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If Microsoft CEO Satya Nadella wants to put his stamp on the company immediately, he could reverse course on his predecessor’s $7.2-billion (U.S.) acquisition of Nokia. (ROBERT GALBRAITH/REUTERS)
If Microsoft CEO Satya Nadella wants to put his stamp on the company immediately, he could reverse course on his predecessor’s $7.2-billion (U.S.) acquisition of Nokia. (ROBERT GALBRAITH/REUTERS)

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Microsoft’s new boss can hang up on Nokia Add to ...

Microsoft’s new boss can hang up on Nokia. Buying the Finnish smartphone maker’s devices and services businesses was Steve Ballmer’s swan song as chief executive officer of the U.S. software giant. If Satya Nadella wants to put his stamp on the company, he could reverse course on the $7.2-billion (U.S.) deal. He’ll have to act fast, though, to pin the folly on his predecessor.

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It’s rare for essentially the same board to undo a deal it just approved. The towering presence of Bill Gates is gone from the chairman’s seat, however. The experiences of John Thompson, – Mr. Gates’ replacement – at Symantec and IBM will have taught him the value of shutting or selling poorly performing operations. Activist fund ValueAct, which helped change the guard at Microsoft, also has a seat at the table.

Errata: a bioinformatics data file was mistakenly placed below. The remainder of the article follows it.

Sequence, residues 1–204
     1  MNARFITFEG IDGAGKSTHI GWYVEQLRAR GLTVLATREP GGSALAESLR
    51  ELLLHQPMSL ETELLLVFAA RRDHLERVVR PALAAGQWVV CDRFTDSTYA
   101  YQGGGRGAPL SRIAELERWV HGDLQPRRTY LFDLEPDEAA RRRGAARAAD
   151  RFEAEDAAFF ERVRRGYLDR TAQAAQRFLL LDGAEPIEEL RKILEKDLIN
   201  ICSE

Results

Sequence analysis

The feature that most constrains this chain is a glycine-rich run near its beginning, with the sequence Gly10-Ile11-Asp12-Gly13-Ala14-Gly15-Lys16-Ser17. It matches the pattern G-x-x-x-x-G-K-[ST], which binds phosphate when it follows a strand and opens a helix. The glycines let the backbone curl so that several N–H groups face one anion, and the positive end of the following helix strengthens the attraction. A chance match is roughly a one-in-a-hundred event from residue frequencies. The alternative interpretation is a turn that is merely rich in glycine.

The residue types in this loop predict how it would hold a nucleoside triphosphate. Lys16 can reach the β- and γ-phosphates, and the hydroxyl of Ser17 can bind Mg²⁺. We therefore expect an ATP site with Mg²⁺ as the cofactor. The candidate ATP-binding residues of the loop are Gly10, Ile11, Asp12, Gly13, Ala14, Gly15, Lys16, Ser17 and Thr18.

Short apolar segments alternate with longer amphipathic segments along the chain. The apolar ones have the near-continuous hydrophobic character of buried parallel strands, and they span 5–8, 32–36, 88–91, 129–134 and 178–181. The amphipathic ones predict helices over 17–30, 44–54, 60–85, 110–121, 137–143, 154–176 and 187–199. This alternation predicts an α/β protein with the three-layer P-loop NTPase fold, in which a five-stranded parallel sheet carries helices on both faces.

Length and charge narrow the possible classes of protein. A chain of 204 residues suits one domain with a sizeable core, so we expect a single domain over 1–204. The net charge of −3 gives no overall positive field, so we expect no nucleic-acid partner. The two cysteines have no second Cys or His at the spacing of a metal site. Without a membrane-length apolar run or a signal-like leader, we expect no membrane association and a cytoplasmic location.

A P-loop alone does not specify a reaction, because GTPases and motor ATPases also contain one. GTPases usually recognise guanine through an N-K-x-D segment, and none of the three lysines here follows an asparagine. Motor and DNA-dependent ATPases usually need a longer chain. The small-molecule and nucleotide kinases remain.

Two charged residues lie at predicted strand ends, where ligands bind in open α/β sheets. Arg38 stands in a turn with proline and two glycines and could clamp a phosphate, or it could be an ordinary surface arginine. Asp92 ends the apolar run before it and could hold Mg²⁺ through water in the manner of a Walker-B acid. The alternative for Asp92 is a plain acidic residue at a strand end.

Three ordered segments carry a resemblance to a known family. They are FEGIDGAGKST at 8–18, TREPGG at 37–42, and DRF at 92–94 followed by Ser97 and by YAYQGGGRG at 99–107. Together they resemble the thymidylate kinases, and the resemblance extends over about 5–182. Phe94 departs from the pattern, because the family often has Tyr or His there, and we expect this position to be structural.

Annual elections at Microsoft could usher in additional new directors soon. And Mr. Ballmer’s $2-billion acquisition of the Los Angeles Clippers basketball team gives him an excuse to leave the board.

As Mr. Nadella, who took over as CEO in February, surveys the realm, he’s undoubtedly asking whether Microsoft needs to be hawking phones. It’s also uncertain the market wants or needs a third mobile software competitor.

They’re big questions for Microsoft. Google’s Android and Apple’s iOS are eating into the desktop market, evidenced by steadily declining PC sales. Because customers aren’t locked into a Microsoft phone platform, businesses including Office are threatened while opportunities such as mobile advertising would be forgone.

Nokia itself is providing an answer. The unit racked up a first-quarter loss of nearly $450-million. Some $600-million in annual cost savings from the acquisition help offset some of the damage. Microsoft’s previous guidance, however, and rapidly falling prices mean Nokia probably needs to double its 3-per-cent share of the global smartphone market just to break even. Apple’s and Android’s strong customer bases are an impediment.

Closing the handset unit would save capital by stopping the losses. And Google’s $2.9-billion sale of the smaller Motorola means Microsoft might even find a buyer, albeit at a discount to its purchase price. Of course, Nokia’s rapid shrinkage means its value is diminishing by the day. It’s one more reason for Mr. Nadella to swiftly clean up Mr. Ballmer’s mess.

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